Ford Performance NASCAR: Ricky Stenhouse Jr. Q&A Session at Richmond

Ford PR

Ford Notes and Quotes

Monster Energy NASCAR Cup Series (MENCS)

Toyota Owners 400 Advance (Richmond Raceway; Richmond, VA)

Friday, April 20, 2018
Ricky Stenhouse Jr., driver of the No. 17 Fifth Third Bank Ford Fusion, has had a good week leading up to this weekend’s Monster Energy NASCAR Cup Series race.  On Monday, he registered his best finish of the season with a fourth-place run at Bristol Motor Speedway, and on Tuesday it was announced that partners Fastenal, Fifth Third Bank and SunnyD have all renewed agreements through 2021.  Stenhouse spoke about all of that good news this morning before practice at Richmond Raceway.


RICKY STENHOUSE JR., No. 17 Fifth Third Bank Ford Fusion – CAN YOU TALK ABOUT THIS WEEK?  “It was a great week for us – something that we’ve been working really hard at Roush Fenway on, just trying to take care of the people that take care of us.  I think this week proved that everybody was really happy with what we were doing on and off the track.  Obviously, we want to get our on-track performance better.  We still have a lot of work to do there to be competitive on every type of race track and have opportunities to win at every track, kind of like we did last weekend at Bristol, but to come off a good run and announce our partnerships going forward, I think it says a lot also that the contracts technically weren’t even up for those partners of ours with Fifth Third, Fastenal and SunnyD.  But they wanted to continue throughout the rest of my contract, so that was cool and we look forward to Richmond.  It was a good race for us last year, a couple races that we’ve had here, and it will be different.  I like racing during the day here.  The track presents itself more opportunities to run around on the race track when it’s during the day, but night racing is cool here, too.”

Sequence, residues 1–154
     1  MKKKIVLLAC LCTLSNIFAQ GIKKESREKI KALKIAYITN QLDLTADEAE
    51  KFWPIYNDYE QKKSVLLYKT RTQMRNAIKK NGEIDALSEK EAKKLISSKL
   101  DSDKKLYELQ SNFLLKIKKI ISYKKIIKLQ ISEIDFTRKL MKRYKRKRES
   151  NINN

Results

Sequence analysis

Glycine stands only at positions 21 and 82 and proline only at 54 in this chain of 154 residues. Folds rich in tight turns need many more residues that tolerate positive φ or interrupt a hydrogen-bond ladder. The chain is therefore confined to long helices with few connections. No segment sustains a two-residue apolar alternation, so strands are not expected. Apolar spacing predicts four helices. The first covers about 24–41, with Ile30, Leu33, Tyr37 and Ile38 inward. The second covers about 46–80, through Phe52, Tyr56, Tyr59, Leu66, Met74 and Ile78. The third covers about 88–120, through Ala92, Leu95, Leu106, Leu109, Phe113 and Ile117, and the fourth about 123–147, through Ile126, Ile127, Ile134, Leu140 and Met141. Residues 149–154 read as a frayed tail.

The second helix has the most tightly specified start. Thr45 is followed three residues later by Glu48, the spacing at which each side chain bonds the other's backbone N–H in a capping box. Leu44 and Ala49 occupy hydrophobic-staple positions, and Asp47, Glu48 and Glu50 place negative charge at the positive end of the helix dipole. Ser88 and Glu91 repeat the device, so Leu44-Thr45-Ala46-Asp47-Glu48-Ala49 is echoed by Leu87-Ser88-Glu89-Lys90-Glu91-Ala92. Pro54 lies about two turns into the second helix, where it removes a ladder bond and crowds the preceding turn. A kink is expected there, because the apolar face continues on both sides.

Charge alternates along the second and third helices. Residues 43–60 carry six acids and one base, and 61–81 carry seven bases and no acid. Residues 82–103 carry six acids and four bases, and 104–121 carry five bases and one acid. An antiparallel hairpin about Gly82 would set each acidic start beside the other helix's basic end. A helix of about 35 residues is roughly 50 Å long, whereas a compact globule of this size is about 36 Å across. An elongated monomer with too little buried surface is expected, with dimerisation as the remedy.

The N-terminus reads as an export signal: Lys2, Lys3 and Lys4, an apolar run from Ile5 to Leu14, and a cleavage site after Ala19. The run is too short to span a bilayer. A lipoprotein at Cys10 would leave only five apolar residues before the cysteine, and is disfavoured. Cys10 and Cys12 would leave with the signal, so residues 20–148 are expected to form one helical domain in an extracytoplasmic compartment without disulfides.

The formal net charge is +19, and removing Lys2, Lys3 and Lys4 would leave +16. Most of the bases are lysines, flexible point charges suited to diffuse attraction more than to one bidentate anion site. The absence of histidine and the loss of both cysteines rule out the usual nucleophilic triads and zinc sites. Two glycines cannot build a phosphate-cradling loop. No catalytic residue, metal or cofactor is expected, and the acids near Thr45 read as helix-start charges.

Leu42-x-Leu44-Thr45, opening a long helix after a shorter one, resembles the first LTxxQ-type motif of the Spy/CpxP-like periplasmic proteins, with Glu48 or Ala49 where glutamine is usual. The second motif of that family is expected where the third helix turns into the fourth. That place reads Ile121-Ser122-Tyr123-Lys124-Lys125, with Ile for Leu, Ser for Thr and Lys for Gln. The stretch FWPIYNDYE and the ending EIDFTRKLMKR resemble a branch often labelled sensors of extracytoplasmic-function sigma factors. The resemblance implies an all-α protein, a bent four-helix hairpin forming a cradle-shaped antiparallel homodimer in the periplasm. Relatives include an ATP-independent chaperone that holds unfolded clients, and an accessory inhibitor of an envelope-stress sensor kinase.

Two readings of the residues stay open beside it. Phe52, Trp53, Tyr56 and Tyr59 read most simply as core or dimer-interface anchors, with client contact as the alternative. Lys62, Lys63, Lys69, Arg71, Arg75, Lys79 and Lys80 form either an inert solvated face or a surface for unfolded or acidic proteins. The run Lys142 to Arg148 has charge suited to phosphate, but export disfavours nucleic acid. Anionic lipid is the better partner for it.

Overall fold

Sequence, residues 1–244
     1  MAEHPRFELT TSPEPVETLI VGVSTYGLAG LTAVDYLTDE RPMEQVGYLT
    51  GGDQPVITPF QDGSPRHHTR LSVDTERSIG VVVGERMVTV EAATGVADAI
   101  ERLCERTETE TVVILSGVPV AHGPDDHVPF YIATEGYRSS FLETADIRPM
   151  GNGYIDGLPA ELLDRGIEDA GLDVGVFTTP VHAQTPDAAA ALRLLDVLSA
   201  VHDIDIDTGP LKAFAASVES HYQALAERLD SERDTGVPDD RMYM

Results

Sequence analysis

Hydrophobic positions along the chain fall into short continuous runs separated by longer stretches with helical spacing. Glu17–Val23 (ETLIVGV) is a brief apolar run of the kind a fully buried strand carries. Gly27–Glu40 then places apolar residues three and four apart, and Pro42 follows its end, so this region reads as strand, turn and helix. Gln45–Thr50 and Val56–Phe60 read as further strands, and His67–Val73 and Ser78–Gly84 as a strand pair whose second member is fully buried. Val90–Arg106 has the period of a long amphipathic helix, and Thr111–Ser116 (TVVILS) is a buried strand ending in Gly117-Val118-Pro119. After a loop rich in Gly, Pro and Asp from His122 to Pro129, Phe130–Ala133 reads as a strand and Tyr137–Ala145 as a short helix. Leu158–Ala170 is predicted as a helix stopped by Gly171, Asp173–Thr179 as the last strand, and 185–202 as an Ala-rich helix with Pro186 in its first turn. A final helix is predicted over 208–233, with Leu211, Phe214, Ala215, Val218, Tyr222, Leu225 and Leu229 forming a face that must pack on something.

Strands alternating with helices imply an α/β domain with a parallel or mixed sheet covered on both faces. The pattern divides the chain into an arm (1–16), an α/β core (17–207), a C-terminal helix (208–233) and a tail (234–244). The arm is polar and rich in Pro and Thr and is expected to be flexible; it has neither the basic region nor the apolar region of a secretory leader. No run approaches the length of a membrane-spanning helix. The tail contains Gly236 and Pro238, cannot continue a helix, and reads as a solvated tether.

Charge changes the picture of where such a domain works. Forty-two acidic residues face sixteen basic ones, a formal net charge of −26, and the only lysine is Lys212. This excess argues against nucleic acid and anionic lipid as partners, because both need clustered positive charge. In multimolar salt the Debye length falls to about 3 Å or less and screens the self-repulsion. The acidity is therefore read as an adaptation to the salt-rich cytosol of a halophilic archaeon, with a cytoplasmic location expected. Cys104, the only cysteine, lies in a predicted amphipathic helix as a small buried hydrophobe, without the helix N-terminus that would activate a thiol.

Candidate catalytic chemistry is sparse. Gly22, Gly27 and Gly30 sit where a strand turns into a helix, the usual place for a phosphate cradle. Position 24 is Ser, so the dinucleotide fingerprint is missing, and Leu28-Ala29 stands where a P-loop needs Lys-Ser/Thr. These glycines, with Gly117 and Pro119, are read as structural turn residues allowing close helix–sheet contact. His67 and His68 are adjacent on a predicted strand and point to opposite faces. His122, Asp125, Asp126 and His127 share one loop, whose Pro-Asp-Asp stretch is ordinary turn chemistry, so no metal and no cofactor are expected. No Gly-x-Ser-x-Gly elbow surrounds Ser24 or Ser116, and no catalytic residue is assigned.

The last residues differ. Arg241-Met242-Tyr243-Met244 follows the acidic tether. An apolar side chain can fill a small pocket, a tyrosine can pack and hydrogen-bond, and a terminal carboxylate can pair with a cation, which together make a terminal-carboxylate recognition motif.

THE ALL-STAR RACE WILL HAVE A DIFFERENT PACKAGE.  DO YOU THINK THERE IS ANYTHING FUNDAMENTALLY WRONG WITH THE REGULAR INTERMEDIATE RACE PACKAGE WE HAVE NOW?  “I don’t really know if there’s anything fundamentally wrong.  I think putting restrictor plates on them will definitely probably bunch us up a little bit more.  I think they just become a little bit easier to drive and you’re just probably going to be able to be around each other a lot more.  I don’t think there’s anything fundamentally wrong with what we’ve got, either, but for the All-Star Race and kind of what you’re looking at to be a short race, super-competitive, I think it’ll probably be that.  I think we’ll just have to see how it plays out.  I didn’t get to run the XFINITY car when they had a similar package at Indy, but watching the race everybody was really closed up and I think the excitement level will be pretty good.”